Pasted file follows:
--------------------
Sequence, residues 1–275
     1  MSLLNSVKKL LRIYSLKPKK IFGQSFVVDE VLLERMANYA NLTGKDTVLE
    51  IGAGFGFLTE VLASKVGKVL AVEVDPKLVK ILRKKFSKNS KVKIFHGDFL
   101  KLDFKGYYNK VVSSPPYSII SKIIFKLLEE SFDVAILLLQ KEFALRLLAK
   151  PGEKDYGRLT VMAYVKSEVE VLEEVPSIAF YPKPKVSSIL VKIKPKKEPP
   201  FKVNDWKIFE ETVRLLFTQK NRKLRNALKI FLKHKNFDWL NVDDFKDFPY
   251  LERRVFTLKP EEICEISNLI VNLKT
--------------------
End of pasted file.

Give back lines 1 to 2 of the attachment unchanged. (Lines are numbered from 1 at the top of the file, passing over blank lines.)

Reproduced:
Sequence, residues 1–275
     1  MSLLNSVKKL LRIYSLKPKK IFGQSFVVDE VLLERMANYA NLTGKDTVLE